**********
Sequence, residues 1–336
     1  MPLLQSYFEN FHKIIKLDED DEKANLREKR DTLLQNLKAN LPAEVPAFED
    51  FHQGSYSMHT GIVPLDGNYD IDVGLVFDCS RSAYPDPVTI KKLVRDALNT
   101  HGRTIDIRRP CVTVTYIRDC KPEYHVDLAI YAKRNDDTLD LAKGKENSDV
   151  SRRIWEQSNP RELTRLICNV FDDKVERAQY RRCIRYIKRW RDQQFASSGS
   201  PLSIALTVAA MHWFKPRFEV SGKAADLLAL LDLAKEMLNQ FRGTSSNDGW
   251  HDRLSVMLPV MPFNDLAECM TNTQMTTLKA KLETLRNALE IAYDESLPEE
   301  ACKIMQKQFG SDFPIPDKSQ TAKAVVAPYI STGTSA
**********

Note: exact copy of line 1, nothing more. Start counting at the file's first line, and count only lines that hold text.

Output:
Sequence, residues 1–336